"The independence of the office of that he held, and the fearless and unfettered exercise of the extensive powers that this office confers, are incompatible with any hint or suggestion that he might have lent an ear to politicians who might wish to advance the best interest of a crony rather than the search for the truth and the proper functioning of the criminal and penal process." (p428 g-h)
A submission made in Chaskalson et al, Constitutional Law of South Africa, of a broad and creative interpretation of "impartiality" as required from the judiciary to include a member of the prosecuting authority was endorsed in Smyth v Ushewokunze and Another 1998 (2) BCLR 170 (ZS):
"Section 18(2) embodies a constitutional value of supreme importance. It must be interpreted therefore in a broad and creative manner so as to include within its scope and ambit not only the impartiality of the decision making body but the absolute impartiality of the prosecutor himself whose function, as an officer of the court, forms an indispensable part of the judicial process. His conduct must of necessity reflect on the impartiality or otherwise of the court" (p178 par B)
The court furthermore in outlining what society expects of a prosecutor stated as follows:
"A prosecutor must dedicate himself to the achievement of justice .... He must pursue that aim impartially..... Since he represents the State, the community at large and the interest of justice in general , the task of the prosecutor is more comprehensive and demanding than that of the defending practitioner... Like Caesar's wife, the prosecutor must be above any trace of suspicion." (p174 G-H)
There are generally two categories of abuse of process:
a) a manipulation or misuse of the criminal justice process so as to deprive the accused of a protection provided by law or to take an unfair advantage over the accused;
b) where, on a balance of probability the accused has been, or will be prejudiced in the preparation or conduct of his defence or trial by either a delay or haste on the part of the prosecution which is unjustifiable. (R v Derby Crown Court, ex Parte Brooks  80 Cr. App. R 164, per Ormrod LJ)
The issue can be formulated as follows:
The question is whether a legal or judicial process which is aimed at dispensing justice with impartiality and fairness to both parties and to the community which it serves should permit its processes to be abused and employed in a manner which gives rise to unfairness and/or injustice. (See Jago v District Court of New South Wales,  168 CLR 23 at 30, per Mason CJ)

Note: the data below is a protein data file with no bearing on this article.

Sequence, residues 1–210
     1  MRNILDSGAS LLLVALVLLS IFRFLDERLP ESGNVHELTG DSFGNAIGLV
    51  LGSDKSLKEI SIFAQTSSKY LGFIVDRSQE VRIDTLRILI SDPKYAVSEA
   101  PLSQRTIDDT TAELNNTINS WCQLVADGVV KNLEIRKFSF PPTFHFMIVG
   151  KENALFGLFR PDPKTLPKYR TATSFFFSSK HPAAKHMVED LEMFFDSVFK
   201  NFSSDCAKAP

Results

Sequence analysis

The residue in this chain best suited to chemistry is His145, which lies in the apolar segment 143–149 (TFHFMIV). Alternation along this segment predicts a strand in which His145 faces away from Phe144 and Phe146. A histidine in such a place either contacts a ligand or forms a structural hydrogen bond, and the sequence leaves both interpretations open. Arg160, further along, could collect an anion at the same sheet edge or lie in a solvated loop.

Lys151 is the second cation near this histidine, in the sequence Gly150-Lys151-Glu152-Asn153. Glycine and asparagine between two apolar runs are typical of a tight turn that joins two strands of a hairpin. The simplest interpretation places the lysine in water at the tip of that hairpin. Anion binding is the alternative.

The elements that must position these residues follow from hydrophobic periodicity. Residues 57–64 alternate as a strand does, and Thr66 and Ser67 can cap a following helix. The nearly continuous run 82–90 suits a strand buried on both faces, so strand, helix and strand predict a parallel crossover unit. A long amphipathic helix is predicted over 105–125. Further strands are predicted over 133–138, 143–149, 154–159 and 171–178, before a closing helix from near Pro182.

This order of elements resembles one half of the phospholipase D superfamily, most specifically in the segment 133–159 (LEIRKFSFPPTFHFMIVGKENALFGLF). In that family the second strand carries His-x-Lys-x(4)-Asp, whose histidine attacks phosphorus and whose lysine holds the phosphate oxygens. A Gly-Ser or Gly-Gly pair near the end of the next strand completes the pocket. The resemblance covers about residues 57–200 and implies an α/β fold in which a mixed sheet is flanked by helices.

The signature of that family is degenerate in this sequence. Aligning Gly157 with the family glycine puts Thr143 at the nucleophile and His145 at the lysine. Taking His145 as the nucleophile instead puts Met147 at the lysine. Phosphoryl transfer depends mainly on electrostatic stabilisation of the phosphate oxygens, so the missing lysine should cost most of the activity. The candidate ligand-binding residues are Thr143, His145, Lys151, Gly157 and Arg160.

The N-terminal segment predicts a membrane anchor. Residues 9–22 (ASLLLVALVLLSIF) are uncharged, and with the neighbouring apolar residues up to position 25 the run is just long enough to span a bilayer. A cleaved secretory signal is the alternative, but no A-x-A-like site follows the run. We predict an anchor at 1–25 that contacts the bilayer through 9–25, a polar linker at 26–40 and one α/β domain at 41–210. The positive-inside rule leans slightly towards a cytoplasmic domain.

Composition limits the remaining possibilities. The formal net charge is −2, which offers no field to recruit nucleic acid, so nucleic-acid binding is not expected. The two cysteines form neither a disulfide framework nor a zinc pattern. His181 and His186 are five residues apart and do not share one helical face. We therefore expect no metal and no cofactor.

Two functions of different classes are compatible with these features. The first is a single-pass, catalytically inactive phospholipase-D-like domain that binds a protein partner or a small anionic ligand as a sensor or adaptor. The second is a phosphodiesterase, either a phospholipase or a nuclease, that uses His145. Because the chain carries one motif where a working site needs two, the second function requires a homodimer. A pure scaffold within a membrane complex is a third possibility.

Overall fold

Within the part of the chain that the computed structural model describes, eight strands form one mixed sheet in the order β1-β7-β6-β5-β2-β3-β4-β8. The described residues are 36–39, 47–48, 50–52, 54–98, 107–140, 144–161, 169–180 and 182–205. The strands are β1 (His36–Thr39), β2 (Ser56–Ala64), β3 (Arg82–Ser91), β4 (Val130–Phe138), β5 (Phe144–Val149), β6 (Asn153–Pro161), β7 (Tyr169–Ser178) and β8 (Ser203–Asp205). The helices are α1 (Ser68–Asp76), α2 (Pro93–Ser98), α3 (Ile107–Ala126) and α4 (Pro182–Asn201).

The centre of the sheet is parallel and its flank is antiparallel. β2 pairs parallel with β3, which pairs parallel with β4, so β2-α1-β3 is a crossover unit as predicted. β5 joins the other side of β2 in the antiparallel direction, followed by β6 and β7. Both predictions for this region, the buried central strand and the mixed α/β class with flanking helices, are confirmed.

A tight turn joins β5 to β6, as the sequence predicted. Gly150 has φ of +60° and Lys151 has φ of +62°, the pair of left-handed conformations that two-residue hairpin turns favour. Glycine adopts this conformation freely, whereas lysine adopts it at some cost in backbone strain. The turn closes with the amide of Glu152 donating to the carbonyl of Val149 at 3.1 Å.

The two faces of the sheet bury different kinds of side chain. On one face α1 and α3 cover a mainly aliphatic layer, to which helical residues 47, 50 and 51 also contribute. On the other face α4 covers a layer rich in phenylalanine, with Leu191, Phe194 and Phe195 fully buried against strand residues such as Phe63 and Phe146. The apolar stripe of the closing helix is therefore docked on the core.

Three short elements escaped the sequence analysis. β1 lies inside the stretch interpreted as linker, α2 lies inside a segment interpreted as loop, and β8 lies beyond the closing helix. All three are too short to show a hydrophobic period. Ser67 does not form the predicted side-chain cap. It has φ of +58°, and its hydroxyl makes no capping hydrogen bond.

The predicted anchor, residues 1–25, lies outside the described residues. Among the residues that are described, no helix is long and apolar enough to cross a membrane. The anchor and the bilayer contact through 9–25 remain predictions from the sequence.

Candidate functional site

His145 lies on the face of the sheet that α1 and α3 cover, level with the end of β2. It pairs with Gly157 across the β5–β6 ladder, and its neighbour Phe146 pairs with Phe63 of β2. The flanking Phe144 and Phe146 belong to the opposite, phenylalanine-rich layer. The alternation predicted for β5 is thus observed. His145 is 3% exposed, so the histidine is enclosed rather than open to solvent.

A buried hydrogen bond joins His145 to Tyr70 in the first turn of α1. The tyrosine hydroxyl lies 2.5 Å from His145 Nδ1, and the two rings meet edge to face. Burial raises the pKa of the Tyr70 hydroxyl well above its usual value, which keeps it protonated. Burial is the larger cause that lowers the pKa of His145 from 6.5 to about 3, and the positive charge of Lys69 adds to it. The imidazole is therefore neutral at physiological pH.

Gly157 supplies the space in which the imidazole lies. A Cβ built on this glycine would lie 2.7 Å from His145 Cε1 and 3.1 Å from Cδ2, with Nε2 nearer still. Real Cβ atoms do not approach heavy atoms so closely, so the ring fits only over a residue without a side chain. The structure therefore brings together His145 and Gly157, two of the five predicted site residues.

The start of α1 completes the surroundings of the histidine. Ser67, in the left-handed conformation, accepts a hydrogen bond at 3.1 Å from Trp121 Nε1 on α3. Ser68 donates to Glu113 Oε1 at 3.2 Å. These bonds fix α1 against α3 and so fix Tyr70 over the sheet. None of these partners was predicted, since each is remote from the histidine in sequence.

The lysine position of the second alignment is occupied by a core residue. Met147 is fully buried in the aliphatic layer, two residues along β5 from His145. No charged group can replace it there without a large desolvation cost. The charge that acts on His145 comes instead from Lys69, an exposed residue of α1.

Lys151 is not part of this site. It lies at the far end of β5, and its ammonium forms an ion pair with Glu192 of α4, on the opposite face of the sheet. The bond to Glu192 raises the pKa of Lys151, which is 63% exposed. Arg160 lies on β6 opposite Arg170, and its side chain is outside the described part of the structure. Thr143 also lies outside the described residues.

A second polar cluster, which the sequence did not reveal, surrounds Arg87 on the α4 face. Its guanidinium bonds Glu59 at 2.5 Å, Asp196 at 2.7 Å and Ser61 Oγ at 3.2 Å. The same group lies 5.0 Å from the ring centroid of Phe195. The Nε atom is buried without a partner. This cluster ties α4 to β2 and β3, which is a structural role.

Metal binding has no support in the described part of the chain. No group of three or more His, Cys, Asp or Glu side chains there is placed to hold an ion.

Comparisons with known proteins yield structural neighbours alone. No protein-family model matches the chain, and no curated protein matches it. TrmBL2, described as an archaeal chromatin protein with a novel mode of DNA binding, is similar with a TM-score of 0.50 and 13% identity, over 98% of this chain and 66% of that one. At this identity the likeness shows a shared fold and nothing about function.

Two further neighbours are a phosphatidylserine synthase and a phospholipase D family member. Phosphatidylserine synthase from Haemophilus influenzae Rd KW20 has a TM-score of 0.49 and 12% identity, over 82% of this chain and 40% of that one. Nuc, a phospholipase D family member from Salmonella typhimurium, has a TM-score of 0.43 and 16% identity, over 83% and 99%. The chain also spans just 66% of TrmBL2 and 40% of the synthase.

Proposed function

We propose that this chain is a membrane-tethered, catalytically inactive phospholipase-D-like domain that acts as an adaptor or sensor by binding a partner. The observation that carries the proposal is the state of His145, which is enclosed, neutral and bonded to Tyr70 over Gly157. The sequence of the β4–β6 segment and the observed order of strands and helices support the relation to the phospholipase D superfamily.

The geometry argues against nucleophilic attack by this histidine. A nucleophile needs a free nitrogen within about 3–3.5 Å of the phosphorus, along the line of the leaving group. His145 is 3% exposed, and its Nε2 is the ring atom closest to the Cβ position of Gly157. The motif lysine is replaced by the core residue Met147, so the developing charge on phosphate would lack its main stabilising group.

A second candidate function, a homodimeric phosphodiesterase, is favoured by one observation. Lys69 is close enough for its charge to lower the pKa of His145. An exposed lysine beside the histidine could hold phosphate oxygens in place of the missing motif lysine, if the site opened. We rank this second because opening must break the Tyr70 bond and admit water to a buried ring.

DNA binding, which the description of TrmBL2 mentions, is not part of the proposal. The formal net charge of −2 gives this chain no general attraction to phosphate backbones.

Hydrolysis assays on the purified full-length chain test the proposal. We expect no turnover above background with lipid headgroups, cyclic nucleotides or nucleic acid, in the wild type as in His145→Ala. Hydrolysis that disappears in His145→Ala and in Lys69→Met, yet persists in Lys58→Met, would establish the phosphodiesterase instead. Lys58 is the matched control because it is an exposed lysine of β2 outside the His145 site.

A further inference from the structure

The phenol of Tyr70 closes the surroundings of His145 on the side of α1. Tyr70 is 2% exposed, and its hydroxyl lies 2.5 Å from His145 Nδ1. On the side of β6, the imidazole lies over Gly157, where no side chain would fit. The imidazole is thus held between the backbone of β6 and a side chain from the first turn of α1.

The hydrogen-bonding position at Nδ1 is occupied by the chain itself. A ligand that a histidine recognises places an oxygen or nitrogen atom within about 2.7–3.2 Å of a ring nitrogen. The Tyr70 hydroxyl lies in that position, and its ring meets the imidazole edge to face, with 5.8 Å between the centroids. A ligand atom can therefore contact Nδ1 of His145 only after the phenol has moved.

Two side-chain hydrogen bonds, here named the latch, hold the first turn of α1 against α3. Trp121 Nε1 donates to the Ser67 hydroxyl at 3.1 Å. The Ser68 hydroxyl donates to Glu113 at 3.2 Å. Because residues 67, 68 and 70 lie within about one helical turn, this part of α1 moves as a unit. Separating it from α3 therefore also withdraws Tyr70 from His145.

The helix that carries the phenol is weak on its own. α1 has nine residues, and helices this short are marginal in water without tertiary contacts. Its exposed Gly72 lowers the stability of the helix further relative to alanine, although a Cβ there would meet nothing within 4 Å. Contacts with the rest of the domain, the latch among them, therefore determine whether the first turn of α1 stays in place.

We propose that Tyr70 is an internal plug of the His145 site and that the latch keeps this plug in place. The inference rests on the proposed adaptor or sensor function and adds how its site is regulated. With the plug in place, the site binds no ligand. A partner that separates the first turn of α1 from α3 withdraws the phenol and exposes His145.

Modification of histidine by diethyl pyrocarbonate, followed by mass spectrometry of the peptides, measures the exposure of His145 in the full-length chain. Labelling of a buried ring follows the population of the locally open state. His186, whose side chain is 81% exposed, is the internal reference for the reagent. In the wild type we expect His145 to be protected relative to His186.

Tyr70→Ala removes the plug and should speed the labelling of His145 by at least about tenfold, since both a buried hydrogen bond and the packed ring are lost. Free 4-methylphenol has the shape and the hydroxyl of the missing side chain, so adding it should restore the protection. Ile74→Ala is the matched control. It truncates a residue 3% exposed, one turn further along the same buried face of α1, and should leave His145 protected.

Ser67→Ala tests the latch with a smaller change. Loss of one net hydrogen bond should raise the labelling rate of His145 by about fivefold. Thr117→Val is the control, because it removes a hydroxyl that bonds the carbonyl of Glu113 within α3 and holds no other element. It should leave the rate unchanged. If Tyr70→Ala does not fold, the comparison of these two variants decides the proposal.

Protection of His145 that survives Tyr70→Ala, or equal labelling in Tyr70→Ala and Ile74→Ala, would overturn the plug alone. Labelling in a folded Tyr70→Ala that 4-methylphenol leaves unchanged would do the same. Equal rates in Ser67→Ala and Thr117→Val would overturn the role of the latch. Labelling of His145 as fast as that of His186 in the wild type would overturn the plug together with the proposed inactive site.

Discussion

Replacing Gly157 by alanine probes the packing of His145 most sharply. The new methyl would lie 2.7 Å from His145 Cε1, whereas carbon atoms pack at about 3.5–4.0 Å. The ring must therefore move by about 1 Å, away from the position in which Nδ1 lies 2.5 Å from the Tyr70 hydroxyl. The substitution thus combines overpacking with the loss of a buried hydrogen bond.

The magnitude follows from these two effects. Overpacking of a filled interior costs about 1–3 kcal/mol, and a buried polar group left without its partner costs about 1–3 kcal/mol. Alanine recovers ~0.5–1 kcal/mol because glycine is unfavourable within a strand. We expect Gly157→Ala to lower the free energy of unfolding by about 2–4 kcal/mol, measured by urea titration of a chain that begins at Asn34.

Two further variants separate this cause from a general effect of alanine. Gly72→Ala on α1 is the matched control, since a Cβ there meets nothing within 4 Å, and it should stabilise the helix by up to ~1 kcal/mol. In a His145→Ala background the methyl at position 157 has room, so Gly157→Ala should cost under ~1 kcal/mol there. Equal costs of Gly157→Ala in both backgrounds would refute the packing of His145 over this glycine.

Prosecutors have an inescapable duty to secure fair and just treatment of those who come or are brought before them.
Fair trial is not the only test of abuse of process. Abuse of process may occur on its own, either because:
a) it will not be possible to give the accused a fair trial, or
b) it will offend one's sense of justice, integrity and propriety to continue with the trial of the accused in the particular case. Discontinuation is not a disciplinary process undertaken in order to express one's disapproval of abuse of process; it is an expression of one's sense of justice and propriety.(See Conelly v DPP 1964 AC 1254)
The framework within which abuse of process has to be considered was set out in R vLatif 1996 1 WLR 104 (see judgment here). There will always be a tension between two extreme positions in that, if a trial is discontinued, the public perception would be that the criminal justice system condones improper conduct and malpractice by law enforcement agencies - and if a trial is discontinued the criminal justice system will incur the reproach that it is failing to protect the public from serious crime.
An assessment of abuse of process involves a balancing exercise. In Latif it was clear that a fair trial was possible. The overriding question, however, was whether the trial ought to be discontinued "on broader considerations of the integrity of the criminal justice system". According to Lord Steyn, criminal proceedings may be discontinued not only where there will be no fair trial but also where it would be contrary to the public interest in the integrity of the criminal justice system that a trial should take place. An infinite variety of cases could arise. General guidance as to how the discretion to discontinue should be exercised in particular circumstances will not be useful. But it is possible to balance the public interest in ensuring that those charged with serious crime should be tried against a compelling public interest which expresses a distaste and outrage for abuse of process by law enforcers who are expected to behave with absolute integrity, impartiality, fairness and justice. Such an approach conveys the view that a fair and just criminal system should not accept the attitude that the end justifies the means.